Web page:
Caroline Cao (Committee Member), Subhashini Ganapathy (Committee Member), Nan Kong (Committee Member), Pratik Parikh (Committee Member), Xinhui Zhang (Advisor)
Doctor of Philosophy (PhD)
Enrollment Management and Financial Aid. Enrollment management is the term that is often used to describe the synergistic approaches to influence the enrollment of higher education institutions, and consists of activities such as student college choice, transition to college, retention, and graduation. Of all the factors, financial aid, institution rank, and tuition are the three most important ones that affect students' choice processes and matriculation decisions; as such, with the continuous increase of tuition over the years, financial aid serves as a marketing tool and plays an important role in attracting students. In the United States, in the 2012-2013 academic year, there were a total of 20.4 million students enrolled in degree-granting institutions and more than eighty percent of them received financial. The Optimal Scholarship Allocation Problem: The widespread use of financial aid leads to an important problem yet to be solved in the literature, i.e., how to optimally allocate the limited financial aid to students with various social and economic backgrounds so as to achieve enrollment goals. Though financial aid can be of various forms, merit-based scholarships are the primary part of the allocation process. This problem, referred to as the optimal scholarship allocation problem, has puzzled the enrollment management teams at many higher institutions and is the focus of this thesis. Solution Approach: This thesis proposes a series of predictive and optimization models to solve the optimal financial aid allocation problems. The methodology consists of three sequential phases: 1) predictive models to find the responses (enrollment and graduation probabilities and years of study) to various levels of scholarship for students with various socioeconomic backgrounds; 2) optimization models to find the maximum revenue for given budget based on the response discovered to the various levels of scholarships; and 3) data mining models to discover patterns and transform results from the optimization model to simple and effective policies. Phase I: Predictive Models. A series of predictive models have been investigated to esti- mate the responses from students to various levels of scholarship awards. These responses can be classified into two categories: the first category includes enrollment and graduation decisions and the second one is the number of years of study once a student enrolls in the institution. In the first category, because of the binary nature of the responses (enroll or not enroll), logistic regression based models have been adopted to predict the probability of enrollment and the probability of graduation given that student enrolls. In the second category, regression analysis are adopted. Phase II: Optimization Models. An optimization model is designed to allocate financial aid to applicants with an objective to maximize the revenue, which is composed of net tuition, i.e., tuition minus scholarship, over the years of study, plus the state share of instruction once the student graduates. The constraints to be observed include the total budget limitations and a fairness constraint. For a merit-based scholarship, the fairness constraint stipulates that a student with better academic performance must be assigned to an equal or higher level of scholarships than that of students with a lower academic performance. The inclusion of the fairness constraint has dramatically increased the size of the model, and to reduce computational burden, the concept of a minimum dominance set is developed. This has reduced the size of the model by orders of magnitude and enabled the efficient solution of the resulting mathematical model. Phase III: Policies Analysis Models. Regression analysis is developed to discover patterns in the optimization results, in the form of the amount of scholarship awarded for each student, and translate them into si...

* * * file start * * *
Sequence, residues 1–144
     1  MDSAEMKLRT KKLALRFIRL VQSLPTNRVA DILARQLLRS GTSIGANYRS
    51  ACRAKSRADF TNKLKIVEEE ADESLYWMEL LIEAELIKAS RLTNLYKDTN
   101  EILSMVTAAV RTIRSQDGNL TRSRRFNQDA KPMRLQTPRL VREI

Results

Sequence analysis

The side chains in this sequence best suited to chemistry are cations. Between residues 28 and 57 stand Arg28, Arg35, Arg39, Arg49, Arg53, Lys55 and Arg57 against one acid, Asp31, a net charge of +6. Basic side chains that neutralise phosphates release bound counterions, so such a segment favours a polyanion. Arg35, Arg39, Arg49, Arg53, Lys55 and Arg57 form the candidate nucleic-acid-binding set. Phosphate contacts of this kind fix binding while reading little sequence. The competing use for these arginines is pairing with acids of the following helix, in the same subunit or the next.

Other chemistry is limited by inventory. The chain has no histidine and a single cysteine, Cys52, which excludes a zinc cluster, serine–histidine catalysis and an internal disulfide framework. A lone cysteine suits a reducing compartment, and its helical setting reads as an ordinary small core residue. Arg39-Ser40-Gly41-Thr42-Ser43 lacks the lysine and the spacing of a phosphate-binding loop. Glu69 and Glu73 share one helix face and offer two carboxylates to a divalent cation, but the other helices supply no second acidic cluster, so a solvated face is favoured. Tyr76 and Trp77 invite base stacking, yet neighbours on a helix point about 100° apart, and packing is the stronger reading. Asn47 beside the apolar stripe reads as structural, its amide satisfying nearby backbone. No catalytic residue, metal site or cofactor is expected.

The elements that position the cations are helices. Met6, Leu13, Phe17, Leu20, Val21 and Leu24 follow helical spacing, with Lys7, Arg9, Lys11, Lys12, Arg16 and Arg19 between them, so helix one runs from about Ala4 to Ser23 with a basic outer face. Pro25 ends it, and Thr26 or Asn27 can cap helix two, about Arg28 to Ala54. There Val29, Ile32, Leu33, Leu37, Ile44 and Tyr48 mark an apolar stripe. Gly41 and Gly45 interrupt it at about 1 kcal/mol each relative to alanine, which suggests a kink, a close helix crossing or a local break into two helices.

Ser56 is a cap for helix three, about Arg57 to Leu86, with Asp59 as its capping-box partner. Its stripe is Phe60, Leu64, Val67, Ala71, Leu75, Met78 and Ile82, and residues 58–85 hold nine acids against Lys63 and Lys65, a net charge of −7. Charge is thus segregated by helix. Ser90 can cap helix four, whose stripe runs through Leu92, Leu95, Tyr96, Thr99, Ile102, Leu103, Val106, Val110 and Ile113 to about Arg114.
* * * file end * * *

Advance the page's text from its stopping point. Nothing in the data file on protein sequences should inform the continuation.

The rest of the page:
Department or Program
Ph.D. in Engineering
Year Degree Awarded
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